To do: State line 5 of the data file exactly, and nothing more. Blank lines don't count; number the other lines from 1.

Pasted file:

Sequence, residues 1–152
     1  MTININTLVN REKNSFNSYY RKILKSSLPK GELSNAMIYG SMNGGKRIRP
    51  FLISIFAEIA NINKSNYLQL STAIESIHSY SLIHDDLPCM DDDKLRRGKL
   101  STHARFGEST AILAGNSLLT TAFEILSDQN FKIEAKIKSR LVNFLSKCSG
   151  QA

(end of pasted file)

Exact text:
   151  QA